By Jacob Richards
Labour may like to suggest they have the interests of the most vulnerable and disadvantaged members of society at heart but in reality it appears their policies are more akin to something we would see put forward by the British Conservative Party. In fact much of Labour’s accompanying rhetoric suggests the party is quite content to embrace Tory values.
Let us consider the measures introduced in last weeks’ budget and targeted at young people under the age of 26. In the case of Jobseekers between the age of 22 and 26 the government introduced a flat cut of €44. This means that for those aged between 18 and 24 jobseekers payments will now amount to just €100 a week while those aged 25 will now receive €144. These cuts are cruel and unnecessary in themselves but worse still, they have been accompanied by the most condescending and arrogant rhetoric of government ministers towards young people. Labour in particular have been exceptionally bad offenders. During Leaders Questions last week, the Tanaiste Eamon Gilmore proclaimed, “the best place for any young person is not permanently in front of a flat screen television. It is at work or in education and training.”
In reality such statements are not so far removed from Conservative rhetoric in Britain. Recently Prime Minister David Cameron announced at his party’s national conference that should the Tories win an outright majority in the next general election, jobseekers allowance and housing benefit will be scrapped for all those aged 25 and under. Cameron’s justified this approach by saying that young people should either be “earning or learning” and painting a picture of endemic “welfare dependency” amongst the young. Certainly it would seem Gilmore is following David Cameron’s ideological lead by punishing the young while dressing them as lazy and feckless benefit scroungers.
Yet what appears to be lost on our own Tanaiste is the fact that youth unemployment is staggeringly high in this country at 30%. This equates to approximately 66,000 people under the age of 25 on the live register. The Tanaiste’s response that these 66,000 people should be in employment or education is all the more astounding given this government’s absolutely dire record in job creation and access to education. Regarding jobs, economist Michael Taft says that estimates give a figure of 32 people unemployed for every job vacancy in the country. Besides competing with this huge demand for jobs young people are also disadvantaged by a natural lack of experience. It is just not feasible to expect our youth to be in a position to obtain work given these figures. In fact it is deluded.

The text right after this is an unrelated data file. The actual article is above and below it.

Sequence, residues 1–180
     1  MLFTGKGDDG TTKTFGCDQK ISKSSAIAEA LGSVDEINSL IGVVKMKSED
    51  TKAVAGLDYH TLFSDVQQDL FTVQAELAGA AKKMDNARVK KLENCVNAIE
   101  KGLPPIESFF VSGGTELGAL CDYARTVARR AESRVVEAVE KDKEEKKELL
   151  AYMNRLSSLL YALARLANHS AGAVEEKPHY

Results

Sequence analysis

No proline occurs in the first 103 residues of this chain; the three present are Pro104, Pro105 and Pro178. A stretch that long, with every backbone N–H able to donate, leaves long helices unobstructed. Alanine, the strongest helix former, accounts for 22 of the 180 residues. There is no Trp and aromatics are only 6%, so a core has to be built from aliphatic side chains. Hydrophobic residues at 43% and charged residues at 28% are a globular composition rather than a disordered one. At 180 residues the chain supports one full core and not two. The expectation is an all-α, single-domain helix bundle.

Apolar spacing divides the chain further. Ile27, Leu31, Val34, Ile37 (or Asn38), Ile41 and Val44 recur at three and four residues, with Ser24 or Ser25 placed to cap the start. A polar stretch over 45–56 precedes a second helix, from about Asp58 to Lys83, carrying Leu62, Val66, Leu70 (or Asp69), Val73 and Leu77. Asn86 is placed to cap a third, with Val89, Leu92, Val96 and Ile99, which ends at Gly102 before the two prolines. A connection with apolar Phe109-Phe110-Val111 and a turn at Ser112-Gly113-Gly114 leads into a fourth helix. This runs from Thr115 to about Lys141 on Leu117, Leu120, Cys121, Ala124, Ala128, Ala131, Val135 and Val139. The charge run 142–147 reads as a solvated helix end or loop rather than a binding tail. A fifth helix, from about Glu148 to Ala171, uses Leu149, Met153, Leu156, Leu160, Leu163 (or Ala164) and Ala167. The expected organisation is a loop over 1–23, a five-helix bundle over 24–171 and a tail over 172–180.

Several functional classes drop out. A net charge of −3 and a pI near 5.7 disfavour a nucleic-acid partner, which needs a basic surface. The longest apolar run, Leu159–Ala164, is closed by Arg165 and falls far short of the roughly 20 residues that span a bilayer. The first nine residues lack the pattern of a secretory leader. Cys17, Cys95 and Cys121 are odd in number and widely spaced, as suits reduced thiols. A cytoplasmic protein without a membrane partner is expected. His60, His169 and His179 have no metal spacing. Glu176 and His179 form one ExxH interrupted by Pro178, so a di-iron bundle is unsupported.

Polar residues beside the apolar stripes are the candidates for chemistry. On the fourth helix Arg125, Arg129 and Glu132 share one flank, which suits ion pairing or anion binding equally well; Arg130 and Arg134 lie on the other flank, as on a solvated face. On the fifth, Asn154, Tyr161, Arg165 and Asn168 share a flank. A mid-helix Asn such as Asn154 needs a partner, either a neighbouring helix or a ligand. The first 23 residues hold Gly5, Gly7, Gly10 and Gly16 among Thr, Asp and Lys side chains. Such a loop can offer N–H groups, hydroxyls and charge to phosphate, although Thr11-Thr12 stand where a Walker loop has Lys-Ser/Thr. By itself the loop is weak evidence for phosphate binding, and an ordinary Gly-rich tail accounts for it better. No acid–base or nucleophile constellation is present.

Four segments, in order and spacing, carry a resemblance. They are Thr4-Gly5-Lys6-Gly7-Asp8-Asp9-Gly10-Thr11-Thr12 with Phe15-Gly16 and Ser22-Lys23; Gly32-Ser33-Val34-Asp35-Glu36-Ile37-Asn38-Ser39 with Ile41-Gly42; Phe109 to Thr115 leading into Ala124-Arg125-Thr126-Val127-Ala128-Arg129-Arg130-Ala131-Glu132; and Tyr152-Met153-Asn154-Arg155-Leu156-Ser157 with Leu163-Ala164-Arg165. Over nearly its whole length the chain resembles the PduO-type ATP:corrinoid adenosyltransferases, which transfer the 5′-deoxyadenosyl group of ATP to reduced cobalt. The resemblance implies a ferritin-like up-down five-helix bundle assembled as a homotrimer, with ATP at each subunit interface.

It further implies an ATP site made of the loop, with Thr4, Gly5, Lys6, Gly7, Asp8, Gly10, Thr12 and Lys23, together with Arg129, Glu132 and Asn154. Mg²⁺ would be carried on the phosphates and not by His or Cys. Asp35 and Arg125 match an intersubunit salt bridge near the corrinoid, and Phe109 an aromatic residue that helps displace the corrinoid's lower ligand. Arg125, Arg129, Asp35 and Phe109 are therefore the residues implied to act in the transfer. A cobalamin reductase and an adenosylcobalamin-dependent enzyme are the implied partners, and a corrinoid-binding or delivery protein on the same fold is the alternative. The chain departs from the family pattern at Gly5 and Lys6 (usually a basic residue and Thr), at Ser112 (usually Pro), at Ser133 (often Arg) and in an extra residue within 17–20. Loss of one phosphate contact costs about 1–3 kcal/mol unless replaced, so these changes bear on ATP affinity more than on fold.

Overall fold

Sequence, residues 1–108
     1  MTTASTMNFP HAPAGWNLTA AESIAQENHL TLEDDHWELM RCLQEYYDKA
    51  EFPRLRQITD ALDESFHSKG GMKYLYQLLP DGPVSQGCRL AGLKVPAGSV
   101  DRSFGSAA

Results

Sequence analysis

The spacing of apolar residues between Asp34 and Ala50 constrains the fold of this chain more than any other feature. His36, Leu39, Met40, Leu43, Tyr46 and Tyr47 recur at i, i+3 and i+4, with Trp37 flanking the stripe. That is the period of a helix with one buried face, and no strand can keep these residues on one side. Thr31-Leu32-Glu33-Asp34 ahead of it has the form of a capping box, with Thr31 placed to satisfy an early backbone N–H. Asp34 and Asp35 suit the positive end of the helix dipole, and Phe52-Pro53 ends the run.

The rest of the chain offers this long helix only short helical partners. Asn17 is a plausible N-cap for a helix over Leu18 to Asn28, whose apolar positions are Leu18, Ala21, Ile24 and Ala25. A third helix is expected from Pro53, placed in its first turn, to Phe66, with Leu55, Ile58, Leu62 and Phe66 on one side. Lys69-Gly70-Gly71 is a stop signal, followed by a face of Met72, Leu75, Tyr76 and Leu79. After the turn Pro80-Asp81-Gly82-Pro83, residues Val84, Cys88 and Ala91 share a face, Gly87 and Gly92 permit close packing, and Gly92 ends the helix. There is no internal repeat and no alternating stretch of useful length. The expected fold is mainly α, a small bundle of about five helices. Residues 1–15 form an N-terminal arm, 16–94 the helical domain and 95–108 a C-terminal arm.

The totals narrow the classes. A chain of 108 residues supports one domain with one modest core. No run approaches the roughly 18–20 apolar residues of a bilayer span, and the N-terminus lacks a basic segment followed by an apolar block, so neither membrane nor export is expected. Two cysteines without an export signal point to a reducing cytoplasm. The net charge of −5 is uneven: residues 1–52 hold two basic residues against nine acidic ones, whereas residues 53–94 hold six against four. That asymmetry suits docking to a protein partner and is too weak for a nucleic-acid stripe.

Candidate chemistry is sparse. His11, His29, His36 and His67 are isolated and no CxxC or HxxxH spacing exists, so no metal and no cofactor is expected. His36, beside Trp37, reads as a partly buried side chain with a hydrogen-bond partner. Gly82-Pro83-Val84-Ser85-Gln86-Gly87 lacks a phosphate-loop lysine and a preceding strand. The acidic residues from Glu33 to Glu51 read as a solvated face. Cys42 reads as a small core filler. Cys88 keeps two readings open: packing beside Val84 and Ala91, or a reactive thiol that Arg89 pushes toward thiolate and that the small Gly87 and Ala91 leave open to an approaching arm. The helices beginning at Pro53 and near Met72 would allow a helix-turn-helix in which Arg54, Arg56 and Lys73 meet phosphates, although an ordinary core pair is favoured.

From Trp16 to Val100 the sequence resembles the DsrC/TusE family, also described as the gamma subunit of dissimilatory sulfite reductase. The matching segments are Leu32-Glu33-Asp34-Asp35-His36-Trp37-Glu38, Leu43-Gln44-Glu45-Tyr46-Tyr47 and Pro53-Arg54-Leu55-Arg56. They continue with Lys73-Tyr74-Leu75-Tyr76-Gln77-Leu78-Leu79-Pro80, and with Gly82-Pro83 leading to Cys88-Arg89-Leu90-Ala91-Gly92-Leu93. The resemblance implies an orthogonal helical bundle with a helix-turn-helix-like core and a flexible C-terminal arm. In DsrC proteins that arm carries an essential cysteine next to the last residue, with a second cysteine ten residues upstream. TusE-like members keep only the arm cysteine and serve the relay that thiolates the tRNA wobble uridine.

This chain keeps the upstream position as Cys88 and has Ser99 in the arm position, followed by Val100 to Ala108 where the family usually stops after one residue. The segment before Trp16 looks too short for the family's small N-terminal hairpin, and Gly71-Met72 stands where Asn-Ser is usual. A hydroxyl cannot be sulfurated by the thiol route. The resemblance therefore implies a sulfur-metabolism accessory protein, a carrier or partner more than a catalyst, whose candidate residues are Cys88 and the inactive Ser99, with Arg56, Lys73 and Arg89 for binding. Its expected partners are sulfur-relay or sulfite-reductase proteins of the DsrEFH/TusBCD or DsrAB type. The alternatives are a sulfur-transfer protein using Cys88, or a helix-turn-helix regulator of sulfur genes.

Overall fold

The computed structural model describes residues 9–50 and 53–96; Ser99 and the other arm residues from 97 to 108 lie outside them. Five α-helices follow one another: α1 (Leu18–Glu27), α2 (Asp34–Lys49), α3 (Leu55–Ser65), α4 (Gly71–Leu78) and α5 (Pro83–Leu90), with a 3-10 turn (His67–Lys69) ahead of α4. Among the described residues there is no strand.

Then there is the option of education. Since coming to power, Labour have increased registration fees for third level in Ireland and reduced qualifying thresholds for college maintenance grants.The British Tory party have implemented similar policies in recent years albeit with significantly higher University fees. Yet the consequences are still the same. Instead of making education more accessible to young people we have a situation whereby third-level becomes the luxury of those that can afford it. With university fees in Ireland set to increase to €3000 in 2015 it is a certainty that prospective young students will be less likely to pursue further education.
And so the reality is that while Labour proclaims the virtues of employment and education, they simultaneously implement policies which inflate youth unemployment and remove opportunities for young people accessing further education. They do this while portraying the victims of policies as lazy, welfare dependent scroungers. Talk about defending the most vulnerable members in society! It’s the rhetorical equivalent of kicking someone while there down. Unfortunately the likely outcome of these polices is that thousands more of our youth will soon be booking a one-way flight out of the country. What a sorry legacy for Labour to leave behind…